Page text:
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Hydrogeology report indicates no connection between bores and Mother of Ducks

A ground water supply network being constructed in Guyra is guided by a specialist hydrogeologist report which advises there are “no recognised groundwater dependent ecosystems” near the bore sites, Council’s General Manager Businesses, Scot MacDonald, reaffirmed today.

“The hydrogeologist’s study and the NSW NPWS draft management plan confirm the Mother of Ducks Lagoon is fed by surface water run-off and not reliant on groundwater systems ,” Mr MacDonald said.

“We gave an undertaking to make the hydrogeology report public and there is now a link on the Water Supply page of Council’s website.”

 “The State Government’s Natural Resource Access Regulator will review Council’s Water Access Licence application and, as part of that process, will investigate possible impacts on natural systems,” he said.

“Until the Regulator has finished its assessment and granted a permanent licence, Council won’t be operating the bores and the ground water supply network unless water security returns to emergency conditions (as permitted under the exemption granted to Council under Section 39A). The licence approval would include a cap on the volume of water we can draw from the bores, to ensure sustainable extraction.

“We only plan to activate the ground water supply network when dam levels become low i.e. around 30% in Malpas Dam.  Any authorised extraction would be short term and within sustainable extraction limits,” he said.

“While that approval process is underway, we’re taking the responsible action of putting the ground water supply network in place so it’s ready to activate to provide our region with greater water security. We are seeing this infrastructure takes months to complete so it is prudent to be ready before the next drought.”

Mr MacDonald said the ground water supply network was commissioned at the height of the drought, when Guyra Dam was nearly empty in 2019 and the region’s water supply was on track to run out in early 2020.

“We are officially still in drought and though we have received some rain in the first half of this year our water security is still uncertain. Our region’s overall supply is just over half full, similar to levels this time last year, and without further substantial rain, we could find ourselves return to severe water shortages. It is important the Armidale Regional Council LGA remains on Level 5 water restrictions until our storages return to normal levels.” he said.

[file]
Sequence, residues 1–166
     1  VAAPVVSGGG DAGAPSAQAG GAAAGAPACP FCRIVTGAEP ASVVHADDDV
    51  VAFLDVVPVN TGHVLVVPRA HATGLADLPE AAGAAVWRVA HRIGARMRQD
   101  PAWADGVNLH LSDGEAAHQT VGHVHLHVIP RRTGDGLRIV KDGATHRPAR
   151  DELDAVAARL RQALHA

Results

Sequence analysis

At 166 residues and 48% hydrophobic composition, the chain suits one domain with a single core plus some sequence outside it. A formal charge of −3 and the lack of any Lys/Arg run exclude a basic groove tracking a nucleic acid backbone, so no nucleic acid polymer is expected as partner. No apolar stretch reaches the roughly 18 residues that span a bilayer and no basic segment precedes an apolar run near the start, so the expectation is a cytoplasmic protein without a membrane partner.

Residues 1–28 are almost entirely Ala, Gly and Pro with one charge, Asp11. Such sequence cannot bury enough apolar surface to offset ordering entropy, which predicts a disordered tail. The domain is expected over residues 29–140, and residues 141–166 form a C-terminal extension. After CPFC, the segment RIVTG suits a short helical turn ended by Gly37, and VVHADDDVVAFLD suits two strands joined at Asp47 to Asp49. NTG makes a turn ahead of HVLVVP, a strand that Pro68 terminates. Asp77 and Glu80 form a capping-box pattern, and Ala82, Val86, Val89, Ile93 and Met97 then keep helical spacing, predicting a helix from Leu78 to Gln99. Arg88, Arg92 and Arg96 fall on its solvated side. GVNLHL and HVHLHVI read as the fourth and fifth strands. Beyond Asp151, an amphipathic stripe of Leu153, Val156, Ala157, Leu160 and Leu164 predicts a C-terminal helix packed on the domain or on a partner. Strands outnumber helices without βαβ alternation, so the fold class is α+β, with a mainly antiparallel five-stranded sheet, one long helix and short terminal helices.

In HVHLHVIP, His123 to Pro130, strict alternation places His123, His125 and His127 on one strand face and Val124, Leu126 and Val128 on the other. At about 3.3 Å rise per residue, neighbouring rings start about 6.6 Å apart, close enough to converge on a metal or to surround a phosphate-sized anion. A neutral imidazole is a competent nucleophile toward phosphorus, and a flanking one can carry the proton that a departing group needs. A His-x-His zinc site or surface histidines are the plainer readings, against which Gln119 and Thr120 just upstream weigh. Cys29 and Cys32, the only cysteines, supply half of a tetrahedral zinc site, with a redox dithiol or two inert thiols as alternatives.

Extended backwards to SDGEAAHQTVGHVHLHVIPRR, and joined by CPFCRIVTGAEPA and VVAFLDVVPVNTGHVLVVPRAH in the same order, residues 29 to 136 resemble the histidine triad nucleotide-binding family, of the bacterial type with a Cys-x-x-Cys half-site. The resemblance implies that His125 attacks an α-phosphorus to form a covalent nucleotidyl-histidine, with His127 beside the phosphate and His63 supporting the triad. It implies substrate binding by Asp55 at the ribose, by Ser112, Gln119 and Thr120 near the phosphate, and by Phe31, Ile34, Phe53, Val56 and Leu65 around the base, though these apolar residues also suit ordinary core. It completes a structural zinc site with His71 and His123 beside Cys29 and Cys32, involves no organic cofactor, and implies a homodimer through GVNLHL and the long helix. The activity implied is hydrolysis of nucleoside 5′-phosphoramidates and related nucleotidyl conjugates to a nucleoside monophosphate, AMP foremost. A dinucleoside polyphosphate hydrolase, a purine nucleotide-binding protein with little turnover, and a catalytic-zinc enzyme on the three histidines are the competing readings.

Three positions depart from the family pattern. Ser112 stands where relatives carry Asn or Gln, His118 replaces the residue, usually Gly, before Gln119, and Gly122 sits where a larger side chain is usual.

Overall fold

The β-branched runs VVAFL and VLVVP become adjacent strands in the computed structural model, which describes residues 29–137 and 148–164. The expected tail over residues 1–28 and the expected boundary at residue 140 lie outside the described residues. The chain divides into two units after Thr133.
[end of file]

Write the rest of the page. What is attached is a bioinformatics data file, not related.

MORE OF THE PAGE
“The ground water  network will be an important strategy  to diversify our supply and, in combination with water conservation measures, would give greater  security for  our residents and businesses.

Mr MacDonald said while water security was essential for the community, Council is conscious of the significance of Mother of Ducks Lagoon Nature Reserve.

“Council understands it is a rare and valuable wetland. We appreciate it is a refuge for migratory birds and rare species, Council will continue to work with the National Parks and Wildlife Service to improve its management. The Lagoon has had significant man made changes over the past century. Nevertheless we appreciate its value to locals and visitors.” he said.

 “While water security is fundamental, we would not undertake any action unless we had the evidence that it would not impact on environmental assets such as Mother of Ducks Lagoon.”

Council recently conducted two community webinars and a follow-up Q&A session about the Guyra Ground Water Supply Network, including the hydrogeologist report, the approvals process and neighbouring ecosystems. Recordings of all those sessions are available on Council’s Your Say Armidale website.

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